Fixpoint

2020-07-27

The Fixpoint used car checkup checklist

Filed under: Hardware — Jacob Welsh @ 18:39

Relatives are looking into buying a used car, so I've dug out the checklist that served me well enough the last time I did this just over ten years ago, and expanded a bit.

I gather the major trends since that time have been toward ever flimsier materials(i) and integration of complex electronics into core vehicle functioning.(ii) Nonetheless, the basics won't have changed much.

Used cars are, of course, the canonical example of what economists call "the market for lemons": there's an inherent asymmetry of information in favor of the seller, so buyers are rightly distrusting and won't pay what a car might well be worth, so the good ones are less likely to go on the market at all, leading to more distrust and so on. The only way out, such as it is, is to mitigate the asymmetry; that is, by having a clue. If you don't have strong mechanical knowledge yourself, be sure to get the vehicle checked by a mechanic you trust.(iii) If the seller won't let you, move on.

That said, you can still learn things and save time by doing as thorough a pre-check as you can on your own. When going to check a vehicle, be sure to bring:

  • Pen and paper
  • Flashlight
  • Paper towels for checking oil
  • Tire pressure gauge

Inquire as to the vehicle's history (single-owner is preferable). Are service records available? Has it been involved in an accident (not necessarily a dealbreaker if it was minor, but definitely affects the price)? Has it been in a flood (dealbreaker)? Is the title clean? If possible in your market, use a service like Carfax to corroborate these. If buying from a dealer and looking for a warranty, what's the current status or cost of extending?

Of course there's the question of whether it fits your needs: cost, comfort, safety, size, storage space, power, looks and so on. If you're into hybrids for some weird reason, note that like all batteries, the hybrid battery degrades over time, but is much costlier to replace than a conventional lead-acid starter battery.

Moving on now to the the parking lot self-check; first the exterior:

  • Check the body lines (silhouettes, reflections) for dents, and panel paint colors for unevenness (i.e. indicating undisclosed repairs).
  • Check gaps (door and hood perimeters) for even width.
  • Check tires: tread wear patterns; sidewall damage; that they're a matched set and of a reputable brand; pressure; spare; changing tools (jack and lug wrench).
  • Look for corrosion, particularly on the exhaust system.
  • Under the hood: check belts, fluid levels, and that all caps are present. (This is a good basic safety check before even taking a test drive. I was once shown a car with no detectable oil level!)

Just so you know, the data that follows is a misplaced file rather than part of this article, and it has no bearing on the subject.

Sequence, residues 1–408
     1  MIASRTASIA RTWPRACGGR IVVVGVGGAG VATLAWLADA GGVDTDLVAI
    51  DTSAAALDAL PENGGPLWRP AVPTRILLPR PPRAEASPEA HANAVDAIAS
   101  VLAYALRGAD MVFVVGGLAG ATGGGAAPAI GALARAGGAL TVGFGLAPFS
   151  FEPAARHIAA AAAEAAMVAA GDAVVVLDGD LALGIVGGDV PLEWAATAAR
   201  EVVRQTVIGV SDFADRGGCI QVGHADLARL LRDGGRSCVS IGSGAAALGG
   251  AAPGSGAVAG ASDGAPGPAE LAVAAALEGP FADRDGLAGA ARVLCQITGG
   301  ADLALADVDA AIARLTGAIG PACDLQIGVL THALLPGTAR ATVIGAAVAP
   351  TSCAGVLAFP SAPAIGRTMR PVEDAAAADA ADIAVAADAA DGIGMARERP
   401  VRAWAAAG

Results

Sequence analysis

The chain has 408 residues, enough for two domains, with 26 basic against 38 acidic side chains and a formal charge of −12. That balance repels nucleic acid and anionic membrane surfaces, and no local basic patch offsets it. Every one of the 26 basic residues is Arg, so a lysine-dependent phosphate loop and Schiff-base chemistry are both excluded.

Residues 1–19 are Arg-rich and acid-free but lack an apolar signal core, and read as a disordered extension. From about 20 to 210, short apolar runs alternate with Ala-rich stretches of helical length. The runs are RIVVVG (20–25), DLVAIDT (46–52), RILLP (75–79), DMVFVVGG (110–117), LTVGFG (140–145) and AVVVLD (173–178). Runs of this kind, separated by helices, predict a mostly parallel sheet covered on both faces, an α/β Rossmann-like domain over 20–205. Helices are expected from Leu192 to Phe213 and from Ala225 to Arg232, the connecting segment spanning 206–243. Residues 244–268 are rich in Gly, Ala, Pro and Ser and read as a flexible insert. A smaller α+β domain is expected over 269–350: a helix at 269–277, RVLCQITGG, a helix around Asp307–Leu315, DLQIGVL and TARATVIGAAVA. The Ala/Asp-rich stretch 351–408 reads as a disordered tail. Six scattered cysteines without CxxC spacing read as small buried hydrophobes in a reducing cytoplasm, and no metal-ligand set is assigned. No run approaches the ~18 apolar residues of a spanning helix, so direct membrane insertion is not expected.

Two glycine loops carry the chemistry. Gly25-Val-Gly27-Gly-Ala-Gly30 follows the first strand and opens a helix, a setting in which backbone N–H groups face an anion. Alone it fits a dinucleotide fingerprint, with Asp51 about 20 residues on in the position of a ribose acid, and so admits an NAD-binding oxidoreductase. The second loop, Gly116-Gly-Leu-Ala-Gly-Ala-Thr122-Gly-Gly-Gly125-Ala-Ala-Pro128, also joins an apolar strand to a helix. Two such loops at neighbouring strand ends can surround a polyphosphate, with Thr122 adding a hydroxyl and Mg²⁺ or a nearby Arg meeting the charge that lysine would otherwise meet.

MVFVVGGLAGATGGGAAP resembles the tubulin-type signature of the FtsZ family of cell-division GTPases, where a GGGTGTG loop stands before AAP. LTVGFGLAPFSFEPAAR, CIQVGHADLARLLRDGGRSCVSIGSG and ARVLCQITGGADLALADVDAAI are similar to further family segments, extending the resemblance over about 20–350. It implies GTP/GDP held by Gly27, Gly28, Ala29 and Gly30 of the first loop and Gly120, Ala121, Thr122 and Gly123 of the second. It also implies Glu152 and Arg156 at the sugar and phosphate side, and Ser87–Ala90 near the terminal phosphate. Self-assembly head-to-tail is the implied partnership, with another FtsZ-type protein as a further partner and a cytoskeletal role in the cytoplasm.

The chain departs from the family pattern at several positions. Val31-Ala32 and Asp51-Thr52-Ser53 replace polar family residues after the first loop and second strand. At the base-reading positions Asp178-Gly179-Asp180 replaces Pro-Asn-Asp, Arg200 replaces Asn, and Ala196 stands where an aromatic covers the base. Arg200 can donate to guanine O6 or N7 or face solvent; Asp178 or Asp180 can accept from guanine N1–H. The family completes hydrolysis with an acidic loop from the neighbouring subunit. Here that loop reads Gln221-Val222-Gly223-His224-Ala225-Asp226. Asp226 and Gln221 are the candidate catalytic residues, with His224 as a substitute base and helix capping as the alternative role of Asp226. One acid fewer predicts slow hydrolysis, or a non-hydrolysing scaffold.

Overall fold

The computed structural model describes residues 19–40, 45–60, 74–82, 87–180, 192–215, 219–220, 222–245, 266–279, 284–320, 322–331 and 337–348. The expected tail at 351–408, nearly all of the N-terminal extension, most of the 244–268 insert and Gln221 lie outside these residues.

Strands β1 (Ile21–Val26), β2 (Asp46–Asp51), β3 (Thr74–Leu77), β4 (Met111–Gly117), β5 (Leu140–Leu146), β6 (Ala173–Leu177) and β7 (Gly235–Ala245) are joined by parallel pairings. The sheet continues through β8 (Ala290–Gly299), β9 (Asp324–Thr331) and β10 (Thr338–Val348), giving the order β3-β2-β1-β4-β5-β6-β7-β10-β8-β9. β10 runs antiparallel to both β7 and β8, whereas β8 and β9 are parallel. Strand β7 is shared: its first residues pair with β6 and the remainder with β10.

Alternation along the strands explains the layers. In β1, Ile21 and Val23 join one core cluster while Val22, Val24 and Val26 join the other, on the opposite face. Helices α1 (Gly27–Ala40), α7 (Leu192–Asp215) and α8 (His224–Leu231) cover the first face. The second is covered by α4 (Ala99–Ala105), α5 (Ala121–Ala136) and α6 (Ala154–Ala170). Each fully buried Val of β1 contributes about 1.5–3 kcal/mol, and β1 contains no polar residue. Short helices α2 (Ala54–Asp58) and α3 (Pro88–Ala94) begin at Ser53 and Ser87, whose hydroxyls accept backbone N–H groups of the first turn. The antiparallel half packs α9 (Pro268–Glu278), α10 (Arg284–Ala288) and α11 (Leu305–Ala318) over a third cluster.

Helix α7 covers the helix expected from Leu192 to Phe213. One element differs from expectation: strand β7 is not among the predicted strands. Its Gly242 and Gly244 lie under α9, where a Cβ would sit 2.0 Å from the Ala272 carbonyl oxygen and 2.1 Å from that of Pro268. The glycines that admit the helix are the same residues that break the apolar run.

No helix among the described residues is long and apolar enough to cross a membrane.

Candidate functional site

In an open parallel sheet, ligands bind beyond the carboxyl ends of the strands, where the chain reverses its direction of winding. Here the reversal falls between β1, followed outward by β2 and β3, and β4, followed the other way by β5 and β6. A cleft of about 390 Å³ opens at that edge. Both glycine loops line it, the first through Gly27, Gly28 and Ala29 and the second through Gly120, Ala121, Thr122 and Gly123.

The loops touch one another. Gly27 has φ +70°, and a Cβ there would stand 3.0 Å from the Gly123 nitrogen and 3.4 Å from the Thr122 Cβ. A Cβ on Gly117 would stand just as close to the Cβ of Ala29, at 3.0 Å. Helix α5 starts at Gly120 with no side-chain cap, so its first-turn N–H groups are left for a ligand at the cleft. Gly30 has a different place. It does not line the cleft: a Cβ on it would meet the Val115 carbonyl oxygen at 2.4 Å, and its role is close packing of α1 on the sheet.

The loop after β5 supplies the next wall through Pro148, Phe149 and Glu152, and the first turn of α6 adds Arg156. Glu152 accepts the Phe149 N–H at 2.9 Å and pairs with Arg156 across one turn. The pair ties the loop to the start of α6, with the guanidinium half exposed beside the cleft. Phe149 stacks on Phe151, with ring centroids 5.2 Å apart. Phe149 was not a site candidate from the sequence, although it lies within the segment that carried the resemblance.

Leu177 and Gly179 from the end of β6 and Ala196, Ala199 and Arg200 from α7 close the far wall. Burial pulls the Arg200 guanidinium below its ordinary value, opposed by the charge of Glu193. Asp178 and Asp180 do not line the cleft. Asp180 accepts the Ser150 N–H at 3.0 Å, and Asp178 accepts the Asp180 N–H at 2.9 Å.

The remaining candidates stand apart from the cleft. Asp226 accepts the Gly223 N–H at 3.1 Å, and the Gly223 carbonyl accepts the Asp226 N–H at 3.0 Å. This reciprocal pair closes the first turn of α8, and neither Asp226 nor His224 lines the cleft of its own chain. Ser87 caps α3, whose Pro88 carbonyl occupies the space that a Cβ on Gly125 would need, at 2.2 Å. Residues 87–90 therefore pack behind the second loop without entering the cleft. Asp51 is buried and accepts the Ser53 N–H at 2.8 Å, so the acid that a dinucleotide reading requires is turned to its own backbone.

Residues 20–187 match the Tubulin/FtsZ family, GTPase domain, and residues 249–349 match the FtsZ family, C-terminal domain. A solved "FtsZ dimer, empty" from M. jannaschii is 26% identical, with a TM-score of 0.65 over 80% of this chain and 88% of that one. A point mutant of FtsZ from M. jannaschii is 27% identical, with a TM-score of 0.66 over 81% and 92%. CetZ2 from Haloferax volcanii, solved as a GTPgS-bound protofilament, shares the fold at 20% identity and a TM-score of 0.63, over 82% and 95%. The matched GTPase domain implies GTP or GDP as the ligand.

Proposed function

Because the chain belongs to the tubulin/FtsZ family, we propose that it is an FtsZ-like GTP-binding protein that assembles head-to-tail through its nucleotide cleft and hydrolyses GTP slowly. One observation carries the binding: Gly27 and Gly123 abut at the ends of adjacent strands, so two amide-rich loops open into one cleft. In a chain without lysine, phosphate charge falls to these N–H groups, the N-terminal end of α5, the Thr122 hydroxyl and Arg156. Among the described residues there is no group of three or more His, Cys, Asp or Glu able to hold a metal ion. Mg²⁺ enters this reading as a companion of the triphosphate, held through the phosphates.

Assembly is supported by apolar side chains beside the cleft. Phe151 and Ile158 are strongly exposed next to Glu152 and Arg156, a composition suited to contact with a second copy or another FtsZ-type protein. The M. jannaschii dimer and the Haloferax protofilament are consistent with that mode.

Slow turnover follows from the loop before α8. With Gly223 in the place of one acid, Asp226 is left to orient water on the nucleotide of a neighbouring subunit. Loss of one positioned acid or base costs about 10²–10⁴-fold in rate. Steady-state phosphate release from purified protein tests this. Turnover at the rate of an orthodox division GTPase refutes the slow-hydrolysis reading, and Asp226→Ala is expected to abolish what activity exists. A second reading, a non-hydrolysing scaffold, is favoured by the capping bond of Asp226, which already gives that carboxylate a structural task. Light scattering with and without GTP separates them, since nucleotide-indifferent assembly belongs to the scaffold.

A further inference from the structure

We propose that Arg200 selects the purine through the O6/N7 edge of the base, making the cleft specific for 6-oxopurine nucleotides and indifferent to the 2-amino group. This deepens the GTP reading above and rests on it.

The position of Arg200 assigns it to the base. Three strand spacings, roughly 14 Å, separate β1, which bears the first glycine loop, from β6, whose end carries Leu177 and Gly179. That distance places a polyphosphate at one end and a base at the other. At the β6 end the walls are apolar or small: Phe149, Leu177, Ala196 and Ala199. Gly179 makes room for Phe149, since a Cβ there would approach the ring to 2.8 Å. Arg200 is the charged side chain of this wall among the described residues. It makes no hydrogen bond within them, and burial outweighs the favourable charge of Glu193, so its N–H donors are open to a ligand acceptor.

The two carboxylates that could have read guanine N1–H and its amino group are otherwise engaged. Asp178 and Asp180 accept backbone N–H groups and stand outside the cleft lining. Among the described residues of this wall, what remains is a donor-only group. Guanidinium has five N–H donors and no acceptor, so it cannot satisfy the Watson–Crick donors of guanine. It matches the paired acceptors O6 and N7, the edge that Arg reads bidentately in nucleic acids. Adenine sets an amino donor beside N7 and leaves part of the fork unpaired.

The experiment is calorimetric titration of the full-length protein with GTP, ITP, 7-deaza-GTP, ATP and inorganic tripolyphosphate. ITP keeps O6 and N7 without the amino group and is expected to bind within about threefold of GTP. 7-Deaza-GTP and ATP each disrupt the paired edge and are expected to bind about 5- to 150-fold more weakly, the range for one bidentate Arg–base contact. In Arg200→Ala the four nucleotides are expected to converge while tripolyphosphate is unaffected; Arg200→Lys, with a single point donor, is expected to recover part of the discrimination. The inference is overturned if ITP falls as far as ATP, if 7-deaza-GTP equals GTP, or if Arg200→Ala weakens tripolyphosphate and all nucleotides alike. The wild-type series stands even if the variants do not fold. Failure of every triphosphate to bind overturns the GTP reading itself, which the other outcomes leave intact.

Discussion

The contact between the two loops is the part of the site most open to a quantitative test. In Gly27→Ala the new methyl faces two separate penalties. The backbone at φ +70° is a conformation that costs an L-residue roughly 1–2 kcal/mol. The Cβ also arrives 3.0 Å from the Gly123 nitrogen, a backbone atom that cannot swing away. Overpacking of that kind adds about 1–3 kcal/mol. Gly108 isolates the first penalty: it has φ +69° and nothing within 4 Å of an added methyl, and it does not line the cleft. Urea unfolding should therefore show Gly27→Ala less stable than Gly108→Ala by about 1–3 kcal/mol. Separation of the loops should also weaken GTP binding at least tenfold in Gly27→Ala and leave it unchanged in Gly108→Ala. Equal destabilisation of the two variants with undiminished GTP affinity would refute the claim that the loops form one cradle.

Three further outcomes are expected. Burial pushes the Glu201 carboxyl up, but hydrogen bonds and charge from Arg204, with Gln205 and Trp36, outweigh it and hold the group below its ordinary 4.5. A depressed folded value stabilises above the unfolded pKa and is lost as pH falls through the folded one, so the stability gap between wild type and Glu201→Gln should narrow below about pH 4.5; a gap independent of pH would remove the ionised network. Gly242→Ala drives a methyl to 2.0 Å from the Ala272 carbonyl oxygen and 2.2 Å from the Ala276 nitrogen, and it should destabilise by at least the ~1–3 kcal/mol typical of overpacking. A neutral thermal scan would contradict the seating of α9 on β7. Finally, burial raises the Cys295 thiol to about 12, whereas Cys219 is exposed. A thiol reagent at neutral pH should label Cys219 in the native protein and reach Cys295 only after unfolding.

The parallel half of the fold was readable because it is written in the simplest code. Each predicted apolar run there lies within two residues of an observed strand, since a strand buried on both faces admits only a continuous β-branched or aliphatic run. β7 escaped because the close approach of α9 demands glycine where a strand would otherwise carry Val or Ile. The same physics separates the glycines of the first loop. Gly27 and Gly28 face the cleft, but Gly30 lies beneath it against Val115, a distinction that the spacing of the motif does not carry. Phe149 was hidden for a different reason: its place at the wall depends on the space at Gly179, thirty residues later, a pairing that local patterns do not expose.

• On the (cold!) engine, remove oil filler cap and check its underside for suspicious residues.
  • Check that door handles have little free play and the doors can lock and unlock manually. Check opening and closing of doors, trunk, hood, gas door and gas cap.
  • Check suspension by bouncing each corner (gently but firmly). There shouldn't be a repeated bounce.

Interior:

  • Check presence of owner's manual (glove compartment) and manufacturer label (driver's door jamb).
  • Check odometer.
  • Check all electrical components: headlights, high beams, fog lights, turn signals, emergency flashers, taillights, brake and backing lights, power locks, power windows, HVAC, seat adjustment, mirrors, wipers and pump, sunroof, stereo.
  • Check condition of seats, headrests and seatbelts.
  • Check for smells and signs of moisture. If there's a foul smell: it's probably never going away. If there's a pleasant smell: what's it covering up?
  • When cranking, check for smoke (suggesting oil leak) and excess noise or vibration.
  • Check dashboard warning lights and gauges.

On the test drive:

  • When safe, check acceleration; there should be no hesitations.
  • Check for smooth shifting, reverse, and downshifting.
  • For manual transmission, check for clutch slip (e.g. floor it in second or third and check that tachometer doesn't outpace speed). Check synchronizers on first and second (i.e. smooth engagement from neutral immediately after disengaging clutch; these do wear out and it's fine to do without but takes more finesse.) For automatic, check that shifting is responsive enough for your taste.
  • Check main brakes and handbrake.
  • Check handling on turns.
  • Check performance of suspension on bumps if possible.
  • Check cruise control.

Good luck, and may you find a suitable mechanical beast to serve you for years to come. Take care of it and it'll take care of you!

  1. For fuel economy and the environment, of course. Surely not because the consumer can't afford steel anymore, nope, couldn't be that. [^]
  2. This mirrors the constant push for convenience at the cost of technical comprehensibility and robustness seen in the computing industry proper, as well as the near extinction of the manual - once "standard"! - transmission at least in the US market. [^]
  3. In Latin America I never met anyone who knows a mechanic they trust (though to be fair, I wasn't looking very hard). In the US, cars tend to be both more affordable and more essential, while the poor are - for so long as the dwindling reserves of government largesse hold out - not actually all that poor, so virtually any long-term resident in a given location will have their war stories and recommendations, so this part of the search is easier. [^]

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